The South Atlantic Conference was composed of the same eight member institutions from 1975–76 until 1988–89, when Wingate College (now Wingate University) replaced Newberry College as the eighth member institution. Newberry College later re-joined the conference in the 1996–97 season.
In July of 1998, Tusculum College was admitted as a member of the league, and Lincoln Memorial University began play in the conference in the 2006-07 academic year. Brevard College was admitted to the SAC as a provisional member in 2007 and a full member in 2008.
In 2008, Echols retired after serving as Commissioner for 19 years and Patrick Britz was hired as the new Commissioner.
Newberry College left the SAC in 1989 (as a football member), and re-joined in 1996 (as an all-sport member). Wingate replaced Newberry College as the final member for the birth of the all-sport SAC in 1989.
Elon, Gardner–Webb, and Presbyterian (now former members) were charter members of both the SAC-8 football era and the SAC all-sport era.
|Anderson University||Anderson, South Carolina||1911||2,900||Trojans||2010|
|Brevard College||Brevard, North Carolina||1934||700||Tornados||2008|
|Carson–Newman University||Jefferson City, Tennessee||1851||2,115||Eagles||1975|
|Catawba College||Salisbury, North Carolina||1851||1,300||Indians||1975|
|Coker College||Hartsville, South Carolina||1908||1,000||Cobras||2013|
|Lenoir–Rhyne University||Hickory, North Carolina||1891||1,800||Bears||1975|
|Lincoln Memorial University||Harrogate, Tennessee||1897||2,579||Railsplitters||2006|
|Mars Hill University||Mars Hill, North Carolina||1856||1,300||Lions||1975|
|Newberry College||Newberry, South Carolina||1856||930||Wolves||1975;
|Queens University of Charlotte||Charlotte, North Carolina||1857||2,100||Royals||2013|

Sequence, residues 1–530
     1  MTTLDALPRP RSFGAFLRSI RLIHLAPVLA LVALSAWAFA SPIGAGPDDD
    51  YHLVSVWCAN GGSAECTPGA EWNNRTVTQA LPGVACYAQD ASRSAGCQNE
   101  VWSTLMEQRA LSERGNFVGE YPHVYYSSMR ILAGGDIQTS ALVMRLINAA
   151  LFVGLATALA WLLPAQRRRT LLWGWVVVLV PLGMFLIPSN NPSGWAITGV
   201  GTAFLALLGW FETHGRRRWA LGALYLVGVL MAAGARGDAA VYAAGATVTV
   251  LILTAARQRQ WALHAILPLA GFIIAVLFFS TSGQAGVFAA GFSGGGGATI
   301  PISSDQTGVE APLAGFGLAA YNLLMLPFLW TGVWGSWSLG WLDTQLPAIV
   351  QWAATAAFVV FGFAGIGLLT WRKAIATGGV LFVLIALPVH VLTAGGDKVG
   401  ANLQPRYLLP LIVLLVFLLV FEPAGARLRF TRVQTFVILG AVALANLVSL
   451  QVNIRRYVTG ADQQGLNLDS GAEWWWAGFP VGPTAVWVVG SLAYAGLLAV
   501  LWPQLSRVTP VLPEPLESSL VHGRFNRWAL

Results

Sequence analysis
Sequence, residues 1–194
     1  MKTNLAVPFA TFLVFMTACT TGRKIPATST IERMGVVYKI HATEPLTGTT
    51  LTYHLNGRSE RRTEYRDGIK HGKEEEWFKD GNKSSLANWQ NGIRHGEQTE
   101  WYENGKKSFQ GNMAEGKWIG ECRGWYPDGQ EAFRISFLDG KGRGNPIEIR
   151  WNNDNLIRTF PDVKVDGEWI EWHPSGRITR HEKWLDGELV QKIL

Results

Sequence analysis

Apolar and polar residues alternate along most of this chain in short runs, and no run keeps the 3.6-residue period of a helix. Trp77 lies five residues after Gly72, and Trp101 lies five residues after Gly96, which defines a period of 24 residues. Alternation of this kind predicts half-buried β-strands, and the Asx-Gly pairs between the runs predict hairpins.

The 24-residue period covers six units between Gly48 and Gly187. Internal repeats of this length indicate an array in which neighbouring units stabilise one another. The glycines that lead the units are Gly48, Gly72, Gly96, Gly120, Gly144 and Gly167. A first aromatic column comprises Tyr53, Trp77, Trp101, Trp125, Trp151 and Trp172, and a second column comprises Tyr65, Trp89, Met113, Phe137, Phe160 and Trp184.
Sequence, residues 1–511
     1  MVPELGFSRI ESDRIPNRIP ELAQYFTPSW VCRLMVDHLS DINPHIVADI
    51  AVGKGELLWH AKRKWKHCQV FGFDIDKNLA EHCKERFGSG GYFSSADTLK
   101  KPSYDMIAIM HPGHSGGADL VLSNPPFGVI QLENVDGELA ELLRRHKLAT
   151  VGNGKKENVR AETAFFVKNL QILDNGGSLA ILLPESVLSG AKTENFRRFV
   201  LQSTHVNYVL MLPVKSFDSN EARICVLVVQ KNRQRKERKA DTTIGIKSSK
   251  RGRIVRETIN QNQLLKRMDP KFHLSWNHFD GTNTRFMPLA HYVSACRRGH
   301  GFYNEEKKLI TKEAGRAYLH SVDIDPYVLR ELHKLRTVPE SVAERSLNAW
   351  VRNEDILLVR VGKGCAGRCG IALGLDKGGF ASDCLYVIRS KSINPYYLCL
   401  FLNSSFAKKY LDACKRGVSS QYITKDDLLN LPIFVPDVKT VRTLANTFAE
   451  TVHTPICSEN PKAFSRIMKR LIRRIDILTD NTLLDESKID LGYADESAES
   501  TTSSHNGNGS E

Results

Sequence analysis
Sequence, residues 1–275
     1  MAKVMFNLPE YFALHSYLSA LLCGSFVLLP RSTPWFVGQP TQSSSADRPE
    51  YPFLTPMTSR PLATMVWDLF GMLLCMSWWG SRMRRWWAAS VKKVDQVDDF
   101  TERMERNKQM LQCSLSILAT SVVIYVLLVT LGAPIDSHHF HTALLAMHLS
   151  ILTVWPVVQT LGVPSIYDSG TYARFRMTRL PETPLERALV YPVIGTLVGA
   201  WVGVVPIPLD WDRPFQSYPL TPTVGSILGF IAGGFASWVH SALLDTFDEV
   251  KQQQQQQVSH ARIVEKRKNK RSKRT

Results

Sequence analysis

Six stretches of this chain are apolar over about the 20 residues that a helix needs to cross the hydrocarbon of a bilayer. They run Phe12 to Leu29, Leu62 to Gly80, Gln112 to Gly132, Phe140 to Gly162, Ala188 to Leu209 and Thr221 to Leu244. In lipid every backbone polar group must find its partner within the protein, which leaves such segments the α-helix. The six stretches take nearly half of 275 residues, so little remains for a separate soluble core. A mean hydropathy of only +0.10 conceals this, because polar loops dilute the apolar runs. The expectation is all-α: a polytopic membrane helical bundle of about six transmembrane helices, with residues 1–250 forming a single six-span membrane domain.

|Tusculum College||Tusculum, Tennessee||1794||2,053||Pioneers||1998|
|Wingate University||Wingate, North Carolina||1896||2,300||Bulldogs||1989|
|Elon University||Elon, North Carolina||1889||Phoenix||1975||1997||Colonial Athletic
|Gardner–Webb University||Boiling Springs, North Carolina||1905||Runnin' Bulldogs||1975||2000||Big South
|Presbyterian College||Clinton, South Carolina||1880||Blue Hose||1975||2007||Big South
Full member (all sports) Full member (non-football) Associate member (football-only) Associate member (sport)
|Track & Field Outdoor|
Men's sponsored sports by school
- SAC — Track & Field Indoor (M) begins in 2017.
Women's sponsored sports by school
- SAC — Track & Field Indoor (W) begins in 2017.
Other sponsored sports by school
- ‡ — D-I sport
Conference stadia and arenas
|Abney Athletic Center||1,500|
|Brevard Tornados||Brevard Memorial Stadium||5,000||Boshamer Gymnasium||1,000|
|Carson–Newman Eagles||Burke–Tarr Stadium||5,500||Holt Fieldhouse||2,000|
|Catawba Indians||Shuford Stadium||4,500||Goodman Gym||3,500|
|Lenoir–Rhyne Bears||Moretz Stadium||8,500||Shuford Memorial Gymnasium||2,770|
|Lincoln Memorial Railsplitters||
|Tex Turner Arena||5,000|
|Mars Hill Lions||Meares Stadium||5,000||Stanford Arena||2,800|
|Newberry Wolves||Setzler Field||4,000||Eleazer Arena||1,600|
|Tusculum Pioneers||Pioneer Field||3,500||Pioneer Arena||2,500|
|Wingate Bulldogs||Irwin Belk Stadium||3,000||Cuddy Arena||2,300|
- "College Announces Reclassification to NCAA Division III". Brevard College. Retrieved May 20, 2015.
- "Brevard accepted for membership in USA South Athletic Conference". Brevard College Athletics. Retrieved December 9, 2015.
- "The South Atlantic Conference Recaps 2015-16, Makes Plans for 2016-17 Season at Annual Meeting". South Atlantic Conference. Retrieved June 16, 2016.